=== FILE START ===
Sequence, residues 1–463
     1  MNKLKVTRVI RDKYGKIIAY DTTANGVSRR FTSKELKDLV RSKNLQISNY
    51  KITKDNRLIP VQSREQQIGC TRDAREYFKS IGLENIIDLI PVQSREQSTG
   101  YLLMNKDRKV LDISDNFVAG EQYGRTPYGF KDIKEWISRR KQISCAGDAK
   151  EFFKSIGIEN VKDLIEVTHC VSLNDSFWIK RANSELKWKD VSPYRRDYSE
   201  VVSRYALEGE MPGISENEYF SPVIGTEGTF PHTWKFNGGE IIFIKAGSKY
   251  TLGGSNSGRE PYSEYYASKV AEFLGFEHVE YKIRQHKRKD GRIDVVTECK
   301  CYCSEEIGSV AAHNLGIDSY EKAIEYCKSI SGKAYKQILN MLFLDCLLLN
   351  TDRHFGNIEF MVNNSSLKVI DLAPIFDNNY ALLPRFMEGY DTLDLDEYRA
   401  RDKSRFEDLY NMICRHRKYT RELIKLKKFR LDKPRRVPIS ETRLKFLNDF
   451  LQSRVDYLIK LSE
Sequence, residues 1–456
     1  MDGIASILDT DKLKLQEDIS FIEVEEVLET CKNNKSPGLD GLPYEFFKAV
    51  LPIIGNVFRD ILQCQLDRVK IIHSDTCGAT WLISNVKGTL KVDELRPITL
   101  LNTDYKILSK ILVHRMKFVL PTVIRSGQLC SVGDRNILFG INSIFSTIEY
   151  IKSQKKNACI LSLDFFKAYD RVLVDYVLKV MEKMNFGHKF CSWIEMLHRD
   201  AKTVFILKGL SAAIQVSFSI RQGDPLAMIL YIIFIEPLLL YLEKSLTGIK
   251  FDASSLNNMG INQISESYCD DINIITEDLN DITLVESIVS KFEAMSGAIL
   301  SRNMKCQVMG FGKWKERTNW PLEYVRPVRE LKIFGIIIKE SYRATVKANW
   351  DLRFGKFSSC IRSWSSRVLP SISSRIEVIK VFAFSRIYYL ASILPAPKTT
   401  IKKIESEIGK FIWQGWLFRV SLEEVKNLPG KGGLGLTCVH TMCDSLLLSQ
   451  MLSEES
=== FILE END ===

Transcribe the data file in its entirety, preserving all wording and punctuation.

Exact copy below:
Sequence, residues 1–463
     1  MNKLKVTRVI RDKYGKIIAY DTTANGVSRR FTSKELKDLV RSKNLQISNY
    51  KITKDNRLIP VQSREQQIGC TRDAREYFKS IGLENIIDLI PVQSREQSTG
   101  YLLMNKDRKV LDISDNFVAG EQYGRTPYGF KDIKEWISRR KQISCAGDAK
   151  EFFKSIGIEN VKDLIEVTHC VSLNDSFWIK RANSELKWKD VSPYRRDYSE
   201  VVSRYALEGE MPGISENEYF SPVIGTEGTF PHTWKFNGGE IIFIKAGSKY
   251  TLGGSNSGRE PYSEYYASKV AEFLGFEHVE YKIRQHKRKD GRIDVVTECK
   301  CYCSEEIGSV AAHNLGIDSY EKAIEYCKSI SGKAYKQILN MLFLDCLLLN
   351  TDRHFGNIEF MVNNSSLKVI DLAPIFDNNY ALLPRFMEGY DTLDLDEYRA
   401  RDKSRFEDLY NMICRHRKYT RELIKLKKFR LDKPRRVPIS ETRLKFLNDF
   451  LQSRVDYLIK LSE
Sequence, residues 1–456
     1  MDGIASILDT DKLKLQEDIS FIEVEEVLET CKNNKSPGLD GLPYEFFKAV
    51  LPIIGNVFRD ILQCQLDRVK IIHSDTCGAT WLISNVKGTL KVDELRPITL
   101  LNTDYKILSK ILVHRMKFVL PTVIRSGQLC SVGDRNILFG INSIFSTIEY
   151  IKSQKKNACI LSLDFFKAYD RVLVDYVLKV MEKMNFGHKF CSWIEMLHRD
   201  AKTVFILKGL SAAIQVSFSI RQGDPLAMIL YIIFIEPLLL YLEKSLTGIK
   251  FDASSLNNMG INQISESYCD DINIITEDLN DITLVESIVS KFEAMSGAIL
   301  SRNMKCQVMG FGKWKERTNW PLEYVRPVRE LKIFGIIIKE SYRATVKANW
   351  DLRFGKFSSC IRSWSSRVLP SISSRIEVIK VFAFSRIYYL ASILPAPKTT
   401  IKKIESEIGK FIWQGWLFRV SLEEVKNLPG KGGLGLTCVH TMCDSLLLSQ
   451  MLSEES